Mr. J. R. Wilkinson proposed the first resolution, "That in the opinion of this meeting Her Majesty's Government has so far fulfilled its promises as to deserve the support of all Liberals." He said that he had read the recent speeches of Lord Salisbury and Sir Stafford Northcote, and wanted to refer briefly to the latter. Sir Stafford Northcote was a man of exemplary character and moderate views, a man who never used virulent language, but he supposed his greatest admirer would hesitate to say that he was able to bear the sword wielded for so many years by Lord Beaconsfield. Sir Stafford had said in a recent speech that it was sometimes complained of him that he had no "go," and in this opinion he (the speaker) agreed. He thought, if they mixed Lord Salisbury and Sir Stafford together, go of the one and the discretion of the other would make a very good compound. (Laughter) He proposed to give them a picture of the foreign policy of the late Government, and to contrast it with the foreign policy of the present Cabinet, and he would then ask them which policy they preferred and in which party they would place their confidence. Sir Stafford Northcote had said that everything was prepared for the present Government by their predecessors, and that the European scene was exceedingly advantageous for them. He quoted, however, in opposition to Sir Northcote the opinion of Lord Beaconsfield who upon the eve of the election last year said that rarely in this century had there been an occasion more critical, and that the power of England and the peace of Europe depended largely on the verdict the country then gave. He did not often agree with Lord Beaconsfield, but he thoroughly agreed with what his lordship said upon that occasion, for he believed that the power of England and the peace of Europe had depended on the advent of a Liberal Government to power. The speaker then referred in trenchant terms to the foreign policy of the late Ministry, and showed that upon Mr. Gladstone accepting office the present Government had restored the concert of Europe, and disposed of the Montenegrin and Greek difficulties. England had taken the lead in all the negotiations with Turkey, her moral power had been acknowledged by the nations of Europe, and the latest evidence that the power of England had not declined in the estimation of Europe was the reply given by the French Minister to Lord Granville's despatch respecting Tripoli. When a Liberal Minister spoke he meant it, and all the other Powers of Europe knew it. (Cheers) There were two policies before them; which did they approve of? The speaker concluded by a warm eulogy upon Mr. Gladstone. His popularity was not the homage paid to intellectual greatness only to moral uprightness and purity of character. (Cheers) Long might he live, and long might the principles live which had been the foundation of his greatness. (Loud cheers)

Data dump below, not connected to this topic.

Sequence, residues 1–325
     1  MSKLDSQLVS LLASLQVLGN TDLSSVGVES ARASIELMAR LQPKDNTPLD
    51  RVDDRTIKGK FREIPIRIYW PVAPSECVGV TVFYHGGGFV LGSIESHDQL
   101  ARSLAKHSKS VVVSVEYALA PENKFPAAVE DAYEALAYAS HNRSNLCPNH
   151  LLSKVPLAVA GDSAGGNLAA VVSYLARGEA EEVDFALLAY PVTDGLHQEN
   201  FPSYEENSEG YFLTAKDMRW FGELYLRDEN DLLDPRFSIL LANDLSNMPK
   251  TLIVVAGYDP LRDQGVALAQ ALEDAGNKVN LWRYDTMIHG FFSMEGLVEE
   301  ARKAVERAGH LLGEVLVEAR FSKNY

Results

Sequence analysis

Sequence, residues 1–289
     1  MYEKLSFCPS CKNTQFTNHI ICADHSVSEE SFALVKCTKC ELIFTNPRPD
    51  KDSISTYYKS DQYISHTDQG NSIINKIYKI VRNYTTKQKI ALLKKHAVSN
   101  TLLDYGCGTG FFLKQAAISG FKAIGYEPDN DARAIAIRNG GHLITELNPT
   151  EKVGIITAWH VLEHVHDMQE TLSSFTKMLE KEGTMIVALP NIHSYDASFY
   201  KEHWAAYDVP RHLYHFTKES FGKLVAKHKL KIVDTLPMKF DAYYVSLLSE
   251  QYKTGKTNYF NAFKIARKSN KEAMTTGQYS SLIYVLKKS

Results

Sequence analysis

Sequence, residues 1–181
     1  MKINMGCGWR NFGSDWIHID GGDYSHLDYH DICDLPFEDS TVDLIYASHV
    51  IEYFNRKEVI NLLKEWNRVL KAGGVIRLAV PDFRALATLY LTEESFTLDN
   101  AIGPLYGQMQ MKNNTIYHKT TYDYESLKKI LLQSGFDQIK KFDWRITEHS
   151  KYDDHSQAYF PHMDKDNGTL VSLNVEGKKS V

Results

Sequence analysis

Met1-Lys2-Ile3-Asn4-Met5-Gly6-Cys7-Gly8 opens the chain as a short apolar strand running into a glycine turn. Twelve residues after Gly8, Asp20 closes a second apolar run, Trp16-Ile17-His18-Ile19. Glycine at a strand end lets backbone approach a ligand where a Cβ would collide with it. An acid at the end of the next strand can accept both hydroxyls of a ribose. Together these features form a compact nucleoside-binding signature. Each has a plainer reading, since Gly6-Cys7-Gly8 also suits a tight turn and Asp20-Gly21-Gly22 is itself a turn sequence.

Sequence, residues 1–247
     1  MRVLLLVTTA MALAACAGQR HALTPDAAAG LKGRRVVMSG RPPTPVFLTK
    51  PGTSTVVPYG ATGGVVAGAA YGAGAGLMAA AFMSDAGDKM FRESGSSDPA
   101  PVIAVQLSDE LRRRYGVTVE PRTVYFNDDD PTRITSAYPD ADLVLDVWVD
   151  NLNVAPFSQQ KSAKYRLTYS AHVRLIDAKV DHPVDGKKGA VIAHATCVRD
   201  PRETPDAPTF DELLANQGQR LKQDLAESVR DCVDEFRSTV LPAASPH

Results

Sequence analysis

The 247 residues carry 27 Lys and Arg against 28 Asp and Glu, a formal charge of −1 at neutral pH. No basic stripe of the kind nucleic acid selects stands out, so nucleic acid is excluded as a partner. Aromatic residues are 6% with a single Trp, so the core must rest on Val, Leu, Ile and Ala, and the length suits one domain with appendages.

The Hon. C. R. Spencer, who was received with prolonged cheering, thanked them for the enthusiastic manner in which they had received him, and briefly apologised for not having paid them an earlier visit. The Rushden men set a good example at the general election, which some places in the North would do well to follow. Private differences had been laid aside, and 80 of the electors had marched together to the poll. Organisation was the soul of success, and when he was told in 1880 what the Rushden electors had done, he thought it was a great pity that the example had not been generally followed. Sir Stafford Northcote attributed the defeat of the Conservatives at the last general election to a want of organisation among the party. Well, that was his opinion, and he had a right to it. But he (the hon. member) thought Sir Stafford was ignorant of the real cause, or, if not, that he had found it like a rather hot potato, and could not swallow it. (Laughter) The real cause was that which was connected with the glorious success of the Premier in Midlothian. He had no immediate connection with Midlothian, but it was one of the last strongholds of the Tories, and with that lion-like courage and fortitude characteristic of him, he determined to attack it. He did attack it, and carried it. (Applause) He (the hon. member) had forgotten the day, but when the news came he remembered his friend the hon. member for Stamford jumping on a chair and reading out that Mr. Gladstone had got in for Midlothian by 211 votes.